Released as America was still haunted by the Watergate hearings — and opening
with a series of children's voices reciting the Pledge of Allegiance — "... And
Justice for All" works as a high-tension courtroom drama ... more of corruption and
principle. What makes it unforgettable is Al Pacino's work as a Baltimore lawyer
as burnt-out as he is passionate. Pacino's Arthur Kirkland is caught between a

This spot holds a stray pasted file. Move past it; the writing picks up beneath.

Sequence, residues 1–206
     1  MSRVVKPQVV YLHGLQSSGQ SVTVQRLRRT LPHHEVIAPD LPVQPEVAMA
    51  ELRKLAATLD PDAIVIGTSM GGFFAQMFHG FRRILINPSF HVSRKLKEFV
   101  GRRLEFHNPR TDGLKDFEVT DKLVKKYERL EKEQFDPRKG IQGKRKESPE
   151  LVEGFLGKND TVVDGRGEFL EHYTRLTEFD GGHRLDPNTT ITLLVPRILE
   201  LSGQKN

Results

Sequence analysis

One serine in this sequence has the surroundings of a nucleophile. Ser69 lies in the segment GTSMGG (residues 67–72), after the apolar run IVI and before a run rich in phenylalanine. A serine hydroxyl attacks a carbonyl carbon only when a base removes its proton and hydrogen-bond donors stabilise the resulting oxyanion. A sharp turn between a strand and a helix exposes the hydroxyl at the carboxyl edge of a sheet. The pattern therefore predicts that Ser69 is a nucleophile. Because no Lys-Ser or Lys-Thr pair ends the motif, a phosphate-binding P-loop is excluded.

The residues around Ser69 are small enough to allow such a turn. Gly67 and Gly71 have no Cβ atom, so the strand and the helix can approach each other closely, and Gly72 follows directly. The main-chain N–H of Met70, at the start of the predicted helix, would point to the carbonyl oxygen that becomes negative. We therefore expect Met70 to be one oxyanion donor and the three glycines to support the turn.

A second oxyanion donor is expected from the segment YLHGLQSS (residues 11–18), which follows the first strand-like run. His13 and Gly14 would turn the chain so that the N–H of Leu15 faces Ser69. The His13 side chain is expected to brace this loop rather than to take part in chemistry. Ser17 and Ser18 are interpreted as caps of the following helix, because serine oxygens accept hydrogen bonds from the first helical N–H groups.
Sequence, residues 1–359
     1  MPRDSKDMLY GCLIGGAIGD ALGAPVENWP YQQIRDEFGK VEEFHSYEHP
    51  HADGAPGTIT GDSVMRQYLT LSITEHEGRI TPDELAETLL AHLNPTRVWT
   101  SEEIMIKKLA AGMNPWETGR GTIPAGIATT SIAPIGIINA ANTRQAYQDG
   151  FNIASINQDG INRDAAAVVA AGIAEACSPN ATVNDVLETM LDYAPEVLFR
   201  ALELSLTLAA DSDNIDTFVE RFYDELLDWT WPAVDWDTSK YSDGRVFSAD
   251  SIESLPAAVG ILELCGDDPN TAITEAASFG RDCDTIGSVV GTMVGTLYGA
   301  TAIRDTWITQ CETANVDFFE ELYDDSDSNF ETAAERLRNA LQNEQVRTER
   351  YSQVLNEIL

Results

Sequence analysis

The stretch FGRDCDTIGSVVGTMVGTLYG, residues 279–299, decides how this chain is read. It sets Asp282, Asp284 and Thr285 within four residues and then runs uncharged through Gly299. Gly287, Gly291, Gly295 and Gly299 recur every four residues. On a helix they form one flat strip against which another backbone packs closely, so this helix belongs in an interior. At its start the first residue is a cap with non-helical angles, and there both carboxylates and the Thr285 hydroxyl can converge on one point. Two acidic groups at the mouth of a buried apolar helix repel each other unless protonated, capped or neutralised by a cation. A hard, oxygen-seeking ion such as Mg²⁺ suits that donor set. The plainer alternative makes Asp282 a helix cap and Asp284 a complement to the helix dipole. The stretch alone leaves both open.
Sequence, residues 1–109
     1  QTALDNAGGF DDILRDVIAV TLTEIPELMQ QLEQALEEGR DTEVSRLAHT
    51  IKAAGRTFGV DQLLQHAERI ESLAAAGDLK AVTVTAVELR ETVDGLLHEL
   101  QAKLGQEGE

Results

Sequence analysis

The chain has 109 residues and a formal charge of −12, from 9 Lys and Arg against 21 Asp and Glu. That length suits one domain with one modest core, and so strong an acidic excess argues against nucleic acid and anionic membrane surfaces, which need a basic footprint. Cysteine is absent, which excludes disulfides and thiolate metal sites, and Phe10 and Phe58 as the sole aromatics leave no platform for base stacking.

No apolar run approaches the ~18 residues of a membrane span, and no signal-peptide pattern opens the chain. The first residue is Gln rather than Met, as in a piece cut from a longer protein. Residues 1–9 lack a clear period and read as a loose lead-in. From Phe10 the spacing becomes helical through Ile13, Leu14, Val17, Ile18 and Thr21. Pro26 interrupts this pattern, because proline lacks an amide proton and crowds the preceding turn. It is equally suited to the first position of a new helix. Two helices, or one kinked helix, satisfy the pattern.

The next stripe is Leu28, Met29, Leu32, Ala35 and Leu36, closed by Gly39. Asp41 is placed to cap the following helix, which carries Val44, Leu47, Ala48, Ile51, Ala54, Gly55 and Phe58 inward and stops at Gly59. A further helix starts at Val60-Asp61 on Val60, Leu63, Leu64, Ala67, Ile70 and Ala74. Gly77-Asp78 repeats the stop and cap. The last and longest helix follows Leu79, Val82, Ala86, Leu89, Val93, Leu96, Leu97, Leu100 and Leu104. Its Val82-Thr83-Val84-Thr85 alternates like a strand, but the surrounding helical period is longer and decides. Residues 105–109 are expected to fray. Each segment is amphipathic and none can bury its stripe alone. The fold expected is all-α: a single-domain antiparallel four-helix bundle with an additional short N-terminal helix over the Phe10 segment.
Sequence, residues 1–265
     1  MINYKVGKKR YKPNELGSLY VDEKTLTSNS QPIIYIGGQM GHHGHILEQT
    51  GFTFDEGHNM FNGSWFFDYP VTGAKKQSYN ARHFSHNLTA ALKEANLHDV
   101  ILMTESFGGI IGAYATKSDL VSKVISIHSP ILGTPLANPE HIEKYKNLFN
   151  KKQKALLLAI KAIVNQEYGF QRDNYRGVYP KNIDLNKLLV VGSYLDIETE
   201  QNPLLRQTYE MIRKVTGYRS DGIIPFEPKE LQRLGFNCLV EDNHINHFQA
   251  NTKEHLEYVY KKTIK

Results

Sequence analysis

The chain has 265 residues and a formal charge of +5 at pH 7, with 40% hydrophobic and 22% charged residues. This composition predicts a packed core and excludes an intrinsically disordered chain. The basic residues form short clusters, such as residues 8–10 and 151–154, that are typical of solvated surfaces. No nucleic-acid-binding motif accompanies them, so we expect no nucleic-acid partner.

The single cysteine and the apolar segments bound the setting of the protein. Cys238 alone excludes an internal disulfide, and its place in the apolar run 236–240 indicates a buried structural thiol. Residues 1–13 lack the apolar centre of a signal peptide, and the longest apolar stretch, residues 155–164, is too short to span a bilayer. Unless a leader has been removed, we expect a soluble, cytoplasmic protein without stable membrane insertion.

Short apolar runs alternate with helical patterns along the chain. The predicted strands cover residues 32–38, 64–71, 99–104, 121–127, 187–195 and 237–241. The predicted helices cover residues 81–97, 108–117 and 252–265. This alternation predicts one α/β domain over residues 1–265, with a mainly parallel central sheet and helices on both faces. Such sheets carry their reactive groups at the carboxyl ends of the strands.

rock and a hard place — forced to defend a judge he despises on a rape charge —
but while Pacino's ranted speech ("You're out of order! You're out of order! The
whole trial is out of order!") may be what people remember from the film, it's a
far better movie, and far better performance, than that loud memory suggests.
When we meet Kirkland, he's in jail — for contempt of court — and while he's
soon released, he's never far from ruin, and Pacino's work is what makes
Kirkland's torment matter. With a great roster of supporting players (including
Jack Warden, Jeffrey Tambor and Craig T. Nelson), "... And Justice
for All" is a raucous, righteous '70s-styled portrait of a legal system — and
lawyer — in crisis.